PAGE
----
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Council urge action on “forgotten waterway”

03 Sep 2019

Council urge action on “forgotten waterway” Image

By David Schout

Ambitious plans for the revitalisation of Moonee Ponds Creek have been signed off by the City of Melbourne, but the ball is now in the state government’s court.

At an August 20 Future Melbourne Committee (FMC) meeting councillors voted unanimously to endorse the Moonee Ponds Creek Strategic Opportunities Plan, which includes plans to transform the (southern) Docklands end of the creek.

As part of the plan, a “stormwater park” would be developed at E-Gate, which would include a boardwalk system moving through site allowing passive public engagement with the landscape.

Further south towards the Yarra River, plans include the development of a “biodiversity hotspot” with a focus on flood mitigation and new habitats for threatened species.

The creek’s mouth (where it meets the Yarra) would also be transformed into “a community meeting place with a boardwalk and recreational activities” under the plan.

But despite the ambitious proposals, the council does not own or manage any land within the creek corridor, and has termed the plan an “advocacy document”.

Environment portfolio chair councillor Cathy Oke said it was important the council clearly spelt out its vision for the creek’s future.

“This is a visionary document for a very important part of our municipality,” she said.

“(Residents) are wanting a waterway on their doorstep that is actually celebrated, and that’s what this document does.”

“It’s difficult because we have such little control and ownership over this waterway, yet we have so much interest and real desire to see it happen.”

Deputy Mayor Arron Wood said the creek had long been neglected, and decades of delays meant it was time for strong leadership.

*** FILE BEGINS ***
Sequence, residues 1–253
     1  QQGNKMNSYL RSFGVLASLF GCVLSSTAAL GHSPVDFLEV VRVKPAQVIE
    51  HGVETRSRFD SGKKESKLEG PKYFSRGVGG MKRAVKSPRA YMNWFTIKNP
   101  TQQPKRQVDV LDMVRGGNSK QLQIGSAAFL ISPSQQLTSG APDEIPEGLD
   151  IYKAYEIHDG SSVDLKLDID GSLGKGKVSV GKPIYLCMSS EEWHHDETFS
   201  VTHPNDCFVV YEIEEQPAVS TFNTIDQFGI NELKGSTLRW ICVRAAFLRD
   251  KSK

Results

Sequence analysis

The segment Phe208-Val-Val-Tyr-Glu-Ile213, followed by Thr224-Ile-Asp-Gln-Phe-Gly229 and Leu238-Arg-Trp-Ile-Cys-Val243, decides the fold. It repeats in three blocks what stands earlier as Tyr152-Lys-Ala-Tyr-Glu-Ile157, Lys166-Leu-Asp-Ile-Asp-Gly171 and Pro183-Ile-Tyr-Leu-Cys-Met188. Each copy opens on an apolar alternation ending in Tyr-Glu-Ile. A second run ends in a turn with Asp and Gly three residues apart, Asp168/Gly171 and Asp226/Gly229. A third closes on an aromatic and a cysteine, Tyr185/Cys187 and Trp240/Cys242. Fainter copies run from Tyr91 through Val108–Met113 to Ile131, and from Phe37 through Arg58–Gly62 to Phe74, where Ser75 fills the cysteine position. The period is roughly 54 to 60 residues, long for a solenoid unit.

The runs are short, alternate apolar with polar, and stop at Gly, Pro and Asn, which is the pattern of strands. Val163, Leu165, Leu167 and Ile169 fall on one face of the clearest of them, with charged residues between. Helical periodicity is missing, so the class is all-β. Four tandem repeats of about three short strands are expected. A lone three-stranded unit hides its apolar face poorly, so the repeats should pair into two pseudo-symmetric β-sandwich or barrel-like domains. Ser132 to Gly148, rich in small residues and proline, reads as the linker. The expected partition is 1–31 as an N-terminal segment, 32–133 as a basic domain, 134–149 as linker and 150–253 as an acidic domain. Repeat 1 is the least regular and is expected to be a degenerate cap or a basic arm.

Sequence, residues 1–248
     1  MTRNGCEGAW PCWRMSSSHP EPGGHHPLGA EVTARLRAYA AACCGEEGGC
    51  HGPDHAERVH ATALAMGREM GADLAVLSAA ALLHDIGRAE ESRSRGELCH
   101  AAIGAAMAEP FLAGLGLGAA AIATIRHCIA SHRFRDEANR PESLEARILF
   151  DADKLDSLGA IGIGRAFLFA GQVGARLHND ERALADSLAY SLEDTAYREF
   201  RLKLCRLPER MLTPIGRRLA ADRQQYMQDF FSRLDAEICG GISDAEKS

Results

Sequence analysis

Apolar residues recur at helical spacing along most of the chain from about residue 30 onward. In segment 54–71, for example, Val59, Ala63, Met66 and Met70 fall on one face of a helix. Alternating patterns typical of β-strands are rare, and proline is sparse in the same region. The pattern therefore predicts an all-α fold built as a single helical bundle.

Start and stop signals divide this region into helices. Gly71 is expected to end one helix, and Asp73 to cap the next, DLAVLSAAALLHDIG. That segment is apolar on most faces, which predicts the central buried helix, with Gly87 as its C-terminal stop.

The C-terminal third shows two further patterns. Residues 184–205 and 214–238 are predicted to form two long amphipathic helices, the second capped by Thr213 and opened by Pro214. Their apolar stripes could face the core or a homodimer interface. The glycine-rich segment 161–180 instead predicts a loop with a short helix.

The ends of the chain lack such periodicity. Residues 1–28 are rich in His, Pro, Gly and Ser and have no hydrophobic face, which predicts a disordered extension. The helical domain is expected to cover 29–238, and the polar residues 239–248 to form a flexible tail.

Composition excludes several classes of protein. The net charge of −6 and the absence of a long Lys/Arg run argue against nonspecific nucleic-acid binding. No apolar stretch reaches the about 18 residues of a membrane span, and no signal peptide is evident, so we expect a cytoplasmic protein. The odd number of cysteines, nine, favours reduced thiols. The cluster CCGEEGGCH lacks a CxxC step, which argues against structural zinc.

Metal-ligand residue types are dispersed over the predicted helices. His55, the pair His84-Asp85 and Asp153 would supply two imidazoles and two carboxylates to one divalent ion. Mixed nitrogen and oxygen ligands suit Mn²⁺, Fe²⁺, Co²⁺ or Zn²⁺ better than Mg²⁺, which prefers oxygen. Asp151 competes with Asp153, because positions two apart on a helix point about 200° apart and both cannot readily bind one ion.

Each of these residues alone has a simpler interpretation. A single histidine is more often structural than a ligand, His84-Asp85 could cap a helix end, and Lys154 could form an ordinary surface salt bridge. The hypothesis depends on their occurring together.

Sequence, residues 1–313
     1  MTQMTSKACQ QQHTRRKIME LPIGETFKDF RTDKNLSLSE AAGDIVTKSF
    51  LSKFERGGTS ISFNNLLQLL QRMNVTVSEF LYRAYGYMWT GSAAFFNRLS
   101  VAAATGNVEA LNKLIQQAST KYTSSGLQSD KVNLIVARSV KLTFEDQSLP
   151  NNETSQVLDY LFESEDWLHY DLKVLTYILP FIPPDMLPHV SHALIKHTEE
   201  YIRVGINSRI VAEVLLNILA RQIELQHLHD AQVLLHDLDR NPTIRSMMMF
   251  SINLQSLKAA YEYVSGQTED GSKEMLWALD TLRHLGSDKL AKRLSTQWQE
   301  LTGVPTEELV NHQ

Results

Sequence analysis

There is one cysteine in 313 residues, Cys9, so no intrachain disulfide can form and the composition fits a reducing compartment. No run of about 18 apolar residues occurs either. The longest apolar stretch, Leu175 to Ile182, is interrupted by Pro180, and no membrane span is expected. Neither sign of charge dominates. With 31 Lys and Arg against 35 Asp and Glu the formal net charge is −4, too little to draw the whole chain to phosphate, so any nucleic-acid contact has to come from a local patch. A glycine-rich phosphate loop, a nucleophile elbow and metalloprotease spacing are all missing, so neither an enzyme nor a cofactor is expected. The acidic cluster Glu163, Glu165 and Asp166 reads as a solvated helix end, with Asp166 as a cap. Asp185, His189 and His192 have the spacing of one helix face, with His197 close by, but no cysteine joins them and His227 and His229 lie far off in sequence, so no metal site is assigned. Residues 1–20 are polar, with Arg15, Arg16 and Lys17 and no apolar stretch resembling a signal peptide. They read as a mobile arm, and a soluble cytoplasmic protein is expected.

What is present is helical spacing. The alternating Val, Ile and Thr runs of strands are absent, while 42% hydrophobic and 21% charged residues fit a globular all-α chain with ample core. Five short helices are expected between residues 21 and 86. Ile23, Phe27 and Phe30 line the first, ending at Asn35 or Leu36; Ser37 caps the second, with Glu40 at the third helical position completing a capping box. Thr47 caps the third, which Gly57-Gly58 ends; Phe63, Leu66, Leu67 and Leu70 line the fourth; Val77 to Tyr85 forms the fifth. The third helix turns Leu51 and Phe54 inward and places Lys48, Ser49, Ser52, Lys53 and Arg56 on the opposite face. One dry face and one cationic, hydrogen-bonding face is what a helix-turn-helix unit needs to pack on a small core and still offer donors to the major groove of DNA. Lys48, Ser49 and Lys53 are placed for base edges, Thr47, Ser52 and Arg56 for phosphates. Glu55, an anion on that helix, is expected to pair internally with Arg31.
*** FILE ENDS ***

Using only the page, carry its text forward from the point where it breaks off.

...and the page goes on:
“You think about what our forebears did with places like Fitzroy Gardens and some of our beautiful heritage parks and I genuinely believe that if we can get the collective energy to implement the Moonee Ponds Creek vision, that it will be looked back on with similar respect in future,” he said.

“We don’t want to be here in another 20 years’ time talking about the Moonee Ponds Creek concept plan of 1992 and then the Moonee Ponds vision of 2019 and not seeing that vision realised.”

The council received overwhelming public feedback that an improvement of cycling and walking trails along the creek was required.

And while councillors were unanimous in praising the release of the plan, Greens councillor Rohan Leppert said a publicly articulated vision was years overdue, particularly as East-West link proposals had “come and gone”.

“We have, unfortunately, in hindsight I think, not been public about where we want to be for a good five or six years after we commissioned such a plan,” he said.

“So, I’m just hopeful that the payoff for that wait really is that the VPA (Victorian Planning Authority) is going to get its submissions through to government.”

The VPA is preparing an implementation plan for the creek corridor which will make recommendations to the state government.

It is understood this will happen later this year.

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